In November 2023, HTN asked its followers which health tech area they would prioritise this year. Improving digital culture and skills came out on top, with 38% of the vote, closely followed by improving systems in place (29%) and availability of data/use of data (28%).  

Just a week after HTN published its research, NHS England wrote to trusts to inform them that planned investment for frontline digitisation may be pulled from all but the least digitised trusts to help offset the impact of strike action.  

So how do trusts balance the demands for digital culture and skills with a lack of funding to support them? 

Kate Dawes, our Principal Consultant, reflects on how the NHS can embrace digital – and all its benefits – more effectively.  


Following a slow start (we are the last industry in the UK to digitise), we are seeing health and care invest in digital technology and processes. Whether this is due to enlightenment or central pressure, I will let you decide. I think we can agree, however, that digitisation is the right thing to do, given the precipice that we face. 

Yet the variation in implementation success is vast and, given the small technology market, product capability doesn’t appear to be the cause. Recent research by KLAS, Ethical Healthcare and NHS England seems to support this, with 66% of variability in usability down to the individual health and care provider. Specifically, causation relates to digital literacy and overarching clinical engagement. In fact, we are seeing this currently with the recent British Medical Association (BMA) vote of no confidence in the Federated Data Platform. Can this ever succeed without support of its users? 

The health and care sector seems to understand the need to drive a new approach to digital transformation, with the HTN research showing a clear prioritisation of digital culture and skills for this year’s investment focus. However, are we setting providers up to fail? With the removal of core digital skills and roles within the long-awaited NHS Long Term Workforce Plan, I would suggest so.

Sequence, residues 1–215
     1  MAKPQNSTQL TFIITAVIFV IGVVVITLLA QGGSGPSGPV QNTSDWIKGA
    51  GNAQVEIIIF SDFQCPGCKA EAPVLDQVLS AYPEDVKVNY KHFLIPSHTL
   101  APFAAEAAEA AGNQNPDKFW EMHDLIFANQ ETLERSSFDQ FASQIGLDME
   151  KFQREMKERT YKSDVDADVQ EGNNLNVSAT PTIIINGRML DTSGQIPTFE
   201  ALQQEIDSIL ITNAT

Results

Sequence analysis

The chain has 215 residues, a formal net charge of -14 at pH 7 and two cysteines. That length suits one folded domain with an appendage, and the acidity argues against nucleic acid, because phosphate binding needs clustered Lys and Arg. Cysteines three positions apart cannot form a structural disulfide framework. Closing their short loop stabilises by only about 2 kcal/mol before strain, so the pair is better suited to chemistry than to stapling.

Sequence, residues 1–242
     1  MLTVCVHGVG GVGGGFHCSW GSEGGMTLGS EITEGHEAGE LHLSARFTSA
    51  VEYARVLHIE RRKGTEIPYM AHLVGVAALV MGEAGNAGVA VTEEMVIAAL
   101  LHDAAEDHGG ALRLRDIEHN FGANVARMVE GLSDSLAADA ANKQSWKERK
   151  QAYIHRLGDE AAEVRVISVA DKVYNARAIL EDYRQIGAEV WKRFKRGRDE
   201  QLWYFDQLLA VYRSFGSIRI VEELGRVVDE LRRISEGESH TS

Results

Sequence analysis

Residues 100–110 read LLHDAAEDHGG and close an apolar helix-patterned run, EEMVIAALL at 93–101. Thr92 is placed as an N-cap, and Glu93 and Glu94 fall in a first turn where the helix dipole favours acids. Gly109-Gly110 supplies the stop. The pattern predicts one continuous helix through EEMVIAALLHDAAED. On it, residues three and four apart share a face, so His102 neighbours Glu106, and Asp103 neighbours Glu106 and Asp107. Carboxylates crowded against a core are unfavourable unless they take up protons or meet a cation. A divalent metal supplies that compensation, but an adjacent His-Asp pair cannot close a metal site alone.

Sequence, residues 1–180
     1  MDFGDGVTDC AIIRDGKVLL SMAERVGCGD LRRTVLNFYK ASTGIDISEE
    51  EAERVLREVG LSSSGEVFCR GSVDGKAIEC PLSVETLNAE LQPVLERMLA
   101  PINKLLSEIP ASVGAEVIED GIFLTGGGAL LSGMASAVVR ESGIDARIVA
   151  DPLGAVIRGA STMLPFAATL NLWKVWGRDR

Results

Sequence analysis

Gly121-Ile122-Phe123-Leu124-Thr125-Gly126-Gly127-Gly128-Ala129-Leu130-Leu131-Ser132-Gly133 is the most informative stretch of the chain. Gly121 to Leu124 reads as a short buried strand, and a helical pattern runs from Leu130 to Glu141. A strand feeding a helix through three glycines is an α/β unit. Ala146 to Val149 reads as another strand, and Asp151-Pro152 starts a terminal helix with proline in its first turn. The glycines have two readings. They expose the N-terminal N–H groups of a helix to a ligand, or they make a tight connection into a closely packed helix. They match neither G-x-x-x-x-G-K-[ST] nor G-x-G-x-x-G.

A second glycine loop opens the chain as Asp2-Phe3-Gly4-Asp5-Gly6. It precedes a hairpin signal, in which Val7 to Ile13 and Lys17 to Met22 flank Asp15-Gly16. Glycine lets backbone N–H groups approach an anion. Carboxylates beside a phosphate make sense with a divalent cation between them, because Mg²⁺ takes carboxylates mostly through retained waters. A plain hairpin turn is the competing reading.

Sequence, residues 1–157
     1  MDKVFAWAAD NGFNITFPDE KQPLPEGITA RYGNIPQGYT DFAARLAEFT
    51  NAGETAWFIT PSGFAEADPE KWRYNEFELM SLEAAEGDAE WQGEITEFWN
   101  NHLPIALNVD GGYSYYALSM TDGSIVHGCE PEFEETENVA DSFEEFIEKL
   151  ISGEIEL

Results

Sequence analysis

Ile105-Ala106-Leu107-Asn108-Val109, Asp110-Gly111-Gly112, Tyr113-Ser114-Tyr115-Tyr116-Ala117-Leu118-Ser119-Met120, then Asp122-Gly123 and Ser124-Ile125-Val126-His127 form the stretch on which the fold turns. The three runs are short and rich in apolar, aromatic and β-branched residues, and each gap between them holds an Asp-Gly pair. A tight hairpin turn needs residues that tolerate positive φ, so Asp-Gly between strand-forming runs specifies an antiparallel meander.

Digital cannot continue to work in siloes and deliver the digital maturation the centre demands and patients need. Delivering successful transformation requires understanding of psychology and behavioural change to bring people on the journey; it’s one of the reasons Ethical have invested in a behavioural practice 

The new NHS England Chief Digital Information Officer (CDIO) role, therefore, provides a key step forward. It offers a duality of skills in system thinking and transformation, and digital transformation at executive level, translating technology with clinical, financial and operational peers and integrating digital into the care industry. Certainly, in their book, Building Digital Culture: A Practical Guide to Successful Digital Transformation, Rowles and Brown reflect that with the markers of “falling commercial performance” and the need to signal intent to stakeholders, the role of CDIO has the opportunity to be very effective. 

However, a mere change in organisational structure won’t reveal the Holy Grail. As Andy Kinnear reflected recently, many incumbent Chief Information Officers (CIOs) have become disillusioned with the uphill struggle to identify the need and importance of digital to their boards. We know from the KLAS research that approximately one-third of investment in electronic patient record (EPR) systems is devoted to implementation, reflecting the cultural journey still to walk. 

Historically executives and non-executives have been required to be financially literate and conversant in quality, operations and assurance. Indeed, Health MBAs have been developed to support this need. Yet boards remain unable to comprehend digital. CDIOs undoubtedly aid this and with time and credibility, decision constraints may relax, but I ask you, has the NHS got time to imbed these new roles and can they alone turn the tide? 

To deliver such wholesale change, board culture will need to shift to viewing digital and data as an equal amongst its executive peers, seeking to understand and value the qualitative and quantitative benefits to care that digital can enable. CDIOs can certainly bring digital to the table and translate but given the pressure that the health and care sector is now under, boards will have to meet digital halfway and be open to driving digital as a core component to strategic change and delivery. Boards will have to “do” digital. 


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